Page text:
Actually you had taught me the lesson that you went on teaching to anyone who showed signs of needing to learn it: no favours, or even the appearance of them. The generation of writers you taught are nowadays often accused by the next generation coming up of rolling logs for each other and taking in each other’s washing. The truth is that they hardly ever do; not just because each is properly jealous of his reputation for independence but because they all remember what your anger was like at any hint of collusion. It was a variation on the low-pressure snort, but without the smile. When a well-connected first-time novelist once started phoning around to engineer an easy ride for her fledgling creation, it was the only time I ever saw you angry with a woman.

Your office was a university but you were an even better teacher out of school. One evening at your house in Chelsea I was banging on about how the newly rediscovered Les Troyens of Berlioz would never be popular because the good bits were even further apart than in Wagner and, let’s face it, Berlioz wrote terrific memoirs but he couldn’t finish a tune. While I was talking you changed the music on the stereo and we were gently assaulted by a melody of such beauty that even I drew breath. ‘What the Hell is that? I asked, dead on cue as always in my role in your life as the man whose foot had gone soft from the amount of time it spent in his mouth. ‘Régine Crespin,’ you said. ‘Singing what?’ I said. ‘Les Nuits d’été’, you said. ‘But who wrote it?’ I said. ‘Um, ah, Berlioz.’

You pulled the same trick with Raymond Aron, whose books I had discovered after realising that anyone so consistently disparaged by Sartre must be all right. Incidentally, there’s a book just come out in France which convincingly demonstrates that the heroic Resistance activities of Sartre and de Beauvoir were entirely imaginary (Gilbert Joseph, Une si douce occupation, Paris, 1991). I think you’d enjoy it, although as a man who really did risk his life for a free France you were always slow to condemn those who only pretended to. Perhaps there was another lesson there. Anyway, I had discovered Raymond Aron and read all his major works, even the heavy, multivolume stuff like the treatise on nuclear war. French is a language I find it hard to speak but love to read. Even though you spoke it perfectly you always encouraged me to go on reading. You were absolutely without intellectual snobbery but I thought you were being a bit too much of the anti-Establishment rebel when you warned me against Aron’s conservatism. I cited chapter and verse from L’opium des intellectuels to prove that Aron was merely a sound social democrat. You said that you were a bit out of touch with all that by now and I might well be right. Months later I saw in a second-hand bookshop an English translation of the very book I had quoted at you. It looked as if it dated from about twenty years back. I thought it would make a good crib if the translator had been up to reproducing the transparency of Aron’s French. I opened the book to see who the translator was. The Opium of the Intellectuals, by Raymond Aron. Translated by Terence Kilmartin.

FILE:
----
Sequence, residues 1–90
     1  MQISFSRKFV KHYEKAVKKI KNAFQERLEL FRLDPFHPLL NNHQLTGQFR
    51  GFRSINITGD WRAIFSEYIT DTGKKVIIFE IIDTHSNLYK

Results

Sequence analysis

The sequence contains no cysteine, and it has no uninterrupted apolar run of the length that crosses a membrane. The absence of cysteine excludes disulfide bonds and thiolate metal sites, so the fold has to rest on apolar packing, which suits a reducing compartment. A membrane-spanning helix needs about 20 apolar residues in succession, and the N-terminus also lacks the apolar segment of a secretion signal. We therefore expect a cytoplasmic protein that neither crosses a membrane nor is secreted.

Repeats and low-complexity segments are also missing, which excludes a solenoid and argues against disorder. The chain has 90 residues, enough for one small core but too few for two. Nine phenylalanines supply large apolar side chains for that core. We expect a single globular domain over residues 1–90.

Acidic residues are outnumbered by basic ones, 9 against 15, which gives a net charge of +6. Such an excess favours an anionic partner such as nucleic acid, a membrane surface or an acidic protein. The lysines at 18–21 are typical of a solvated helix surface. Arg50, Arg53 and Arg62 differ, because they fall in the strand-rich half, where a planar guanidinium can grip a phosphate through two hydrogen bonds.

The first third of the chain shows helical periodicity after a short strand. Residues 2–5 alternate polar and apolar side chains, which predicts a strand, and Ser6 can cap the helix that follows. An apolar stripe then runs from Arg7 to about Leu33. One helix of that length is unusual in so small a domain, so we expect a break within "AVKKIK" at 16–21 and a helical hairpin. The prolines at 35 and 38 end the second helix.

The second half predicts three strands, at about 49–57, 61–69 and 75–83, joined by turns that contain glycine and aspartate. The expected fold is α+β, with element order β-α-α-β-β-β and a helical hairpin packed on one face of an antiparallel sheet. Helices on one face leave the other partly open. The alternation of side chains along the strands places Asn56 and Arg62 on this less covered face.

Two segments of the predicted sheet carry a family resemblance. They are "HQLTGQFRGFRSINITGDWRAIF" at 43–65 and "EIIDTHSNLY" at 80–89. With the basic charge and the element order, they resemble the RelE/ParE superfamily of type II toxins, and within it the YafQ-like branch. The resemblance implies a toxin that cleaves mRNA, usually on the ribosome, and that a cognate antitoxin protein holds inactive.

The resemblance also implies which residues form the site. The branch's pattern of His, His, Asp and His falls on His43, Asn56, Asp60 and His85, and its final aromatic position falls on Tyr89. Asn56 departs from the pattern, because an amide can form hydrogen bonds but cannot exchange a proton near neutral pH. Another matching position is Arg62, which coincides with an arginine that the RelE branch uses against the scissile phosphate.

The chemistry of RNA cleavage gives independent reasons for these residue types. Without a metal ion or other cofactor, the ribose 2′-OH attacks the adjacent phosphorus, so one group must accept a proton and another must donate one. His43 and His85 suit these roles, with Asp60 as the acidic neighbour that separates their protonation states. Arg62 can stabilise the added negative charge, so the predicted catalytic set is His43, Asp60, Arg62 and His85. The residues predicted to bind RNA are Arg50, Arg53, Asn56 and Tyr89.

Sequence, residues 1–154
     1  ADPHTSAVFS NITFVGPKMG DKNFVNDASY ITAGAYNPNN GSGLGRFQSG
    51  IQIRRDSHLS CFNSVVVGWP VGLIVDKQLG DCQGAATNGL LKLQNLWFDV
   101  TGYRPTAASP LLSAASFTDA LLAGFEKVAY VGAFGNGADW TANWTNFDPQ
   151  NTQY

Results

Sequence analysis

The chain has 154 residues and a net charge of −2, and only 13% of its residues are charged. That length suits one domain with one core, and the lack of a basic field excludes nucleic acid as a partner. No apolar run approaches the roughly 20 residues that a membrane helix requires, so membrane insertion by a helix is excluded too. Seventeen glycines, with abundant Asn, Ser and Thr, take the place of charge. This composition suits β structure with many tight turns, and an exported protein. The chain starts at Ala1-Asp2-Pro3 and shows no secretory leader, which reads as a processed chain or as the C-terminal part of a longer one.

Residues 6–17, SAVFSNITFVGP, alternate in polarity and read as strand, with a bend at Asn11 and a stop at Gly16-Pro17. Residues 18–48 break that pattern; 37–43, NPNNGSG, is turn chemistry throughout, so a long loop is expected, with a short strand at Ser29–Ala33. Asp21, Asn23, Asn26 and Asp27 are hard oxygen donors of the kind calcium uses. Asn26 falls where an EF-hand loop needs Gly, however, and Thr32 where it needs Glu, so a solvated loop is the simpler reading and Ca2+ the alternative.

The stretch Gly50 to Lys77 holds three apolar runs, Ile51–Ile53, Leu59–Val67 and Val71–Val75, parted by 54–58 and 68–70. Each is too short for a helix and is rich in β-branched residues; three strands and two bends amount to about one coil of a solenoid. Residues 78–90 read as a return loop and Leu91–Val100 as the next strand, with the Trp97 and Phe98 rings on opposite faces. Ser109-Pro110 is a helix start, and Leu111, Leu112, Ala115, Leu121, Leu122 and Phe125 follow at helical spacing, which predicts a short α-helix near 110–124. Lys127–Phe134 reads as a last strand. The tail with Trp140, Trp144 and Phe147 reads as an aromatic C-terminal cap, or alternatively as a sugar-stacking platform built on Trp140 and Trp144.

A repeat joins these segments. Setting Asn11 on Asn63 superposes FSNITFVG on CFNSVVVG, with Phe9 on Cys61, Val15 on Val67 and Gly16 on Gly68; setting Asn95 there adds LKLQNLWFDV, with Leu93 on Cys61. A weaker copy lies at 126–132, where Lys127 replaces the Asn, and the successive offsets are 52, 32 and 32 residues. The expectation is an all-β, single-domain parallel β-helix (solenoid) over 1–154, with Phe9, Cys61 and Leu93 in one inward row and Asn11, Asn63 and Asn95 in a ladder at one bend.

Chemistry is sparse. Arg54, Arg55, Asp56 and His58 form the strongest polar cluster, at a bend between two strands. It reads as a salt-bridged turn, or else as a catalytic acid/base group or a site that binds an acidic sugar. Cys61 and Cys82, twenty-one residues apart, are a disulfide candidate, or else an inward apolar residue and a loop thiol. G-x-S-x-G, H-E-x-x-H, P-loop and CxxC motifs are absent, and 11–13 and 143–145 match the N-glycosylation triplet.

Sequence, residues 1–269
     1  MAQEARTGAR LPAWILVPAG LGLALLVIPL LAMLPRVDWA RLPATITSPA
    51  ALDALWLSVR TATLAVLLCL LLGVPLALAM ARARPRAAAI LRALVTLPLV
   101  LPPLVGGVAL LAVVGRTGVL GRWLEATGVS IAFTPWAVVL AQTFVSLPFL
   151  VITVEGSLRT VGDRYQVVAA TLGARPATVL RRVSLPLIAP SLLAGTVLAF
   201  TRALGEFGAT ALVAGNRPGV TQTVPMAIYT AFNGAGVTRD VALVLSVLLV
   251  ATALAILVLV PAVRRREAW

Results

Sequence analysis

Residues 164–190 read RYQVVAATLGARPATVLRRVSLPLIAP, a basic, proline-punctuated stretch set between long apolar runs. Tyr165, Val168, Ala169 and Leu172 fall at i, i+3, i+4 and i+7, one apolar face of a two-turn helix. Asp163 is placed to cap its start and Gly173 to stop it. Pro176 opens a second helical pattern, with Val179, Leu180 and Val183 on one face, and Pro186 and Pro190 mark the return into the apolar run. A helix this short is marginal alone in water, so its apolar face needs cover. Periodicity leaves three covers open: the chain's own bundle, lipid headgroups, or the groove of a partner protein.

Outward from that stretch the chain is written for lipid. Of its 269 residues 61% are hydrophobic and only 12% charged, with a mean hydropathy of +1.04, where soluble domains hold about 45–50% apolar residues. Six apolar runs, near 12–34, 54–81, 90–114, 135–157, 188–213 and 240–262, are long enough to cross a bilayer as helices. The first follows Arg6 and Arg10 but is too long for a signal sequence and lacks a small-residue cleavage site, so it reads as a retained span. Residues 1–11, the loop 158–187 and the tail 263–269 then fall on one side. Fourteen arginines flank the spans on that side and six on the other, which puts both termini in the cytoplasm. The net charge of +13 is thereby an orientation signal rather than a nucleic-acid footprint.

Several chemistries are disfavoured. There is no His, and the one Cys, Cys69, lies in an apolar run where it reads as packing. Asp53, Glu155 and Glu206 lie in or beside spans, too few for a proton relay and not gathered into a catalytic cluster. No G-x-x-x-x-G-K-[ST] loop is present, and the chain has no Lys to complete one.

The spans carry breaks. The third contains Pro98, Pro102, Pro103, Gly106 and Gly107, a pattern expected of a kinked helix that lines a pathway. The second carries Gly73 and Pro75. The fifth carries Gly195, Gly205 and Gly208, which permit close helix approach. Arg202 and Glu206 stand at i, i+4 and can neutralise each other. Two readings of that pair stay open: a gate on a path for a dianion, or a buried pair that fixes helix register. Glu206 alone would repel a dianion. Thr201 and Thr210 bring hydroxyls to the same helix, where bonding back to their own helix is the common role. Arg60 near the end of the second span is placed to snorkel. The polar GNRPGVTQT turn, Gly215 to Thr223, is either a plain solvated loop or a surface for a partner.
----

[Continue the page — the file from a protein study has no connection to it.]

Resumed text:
Any other man would have won the argument at the time, by pulling rank. Most of us need to prove ourselves from day to day. You had done it before most of us met you. It was the reason why so quiet a man could have such authority. Every man’s admiration for you had an edge of soul-searching, and Joanna won’t mind my saying that no woman who laid eyes on you ever doubted that you were the Truly Strong Man. The phrase was coined by Auden and it was meant to make us think of some bare-chested Horst model in a pilot’s helmet climbing F-6 with a pickaxe, but it makes a lot of us think of you: as heterosexual as they come yet still the perfect go-between for Proust. You were masculine without assertion, sympathetic without intrusion, modest without subservience, charming without limit. Your pride in your profession was fierce and in your status non-existent. You had stature instead, and must have known it, but that didn’t show either. Your good looks never spoiled you for the cruel reality of the rolling dice and when pain came you were a Stoic. We who remain would like to think that we are stoic too but would prefer a version that didn’t hurt. We would prefer a life from which you were not gone. But your influence is alive and will last for a long time, passed on to the young ones as an example and a name: the name of a hugely impressive — all right, an impressive — man we once met, and who is all ours now.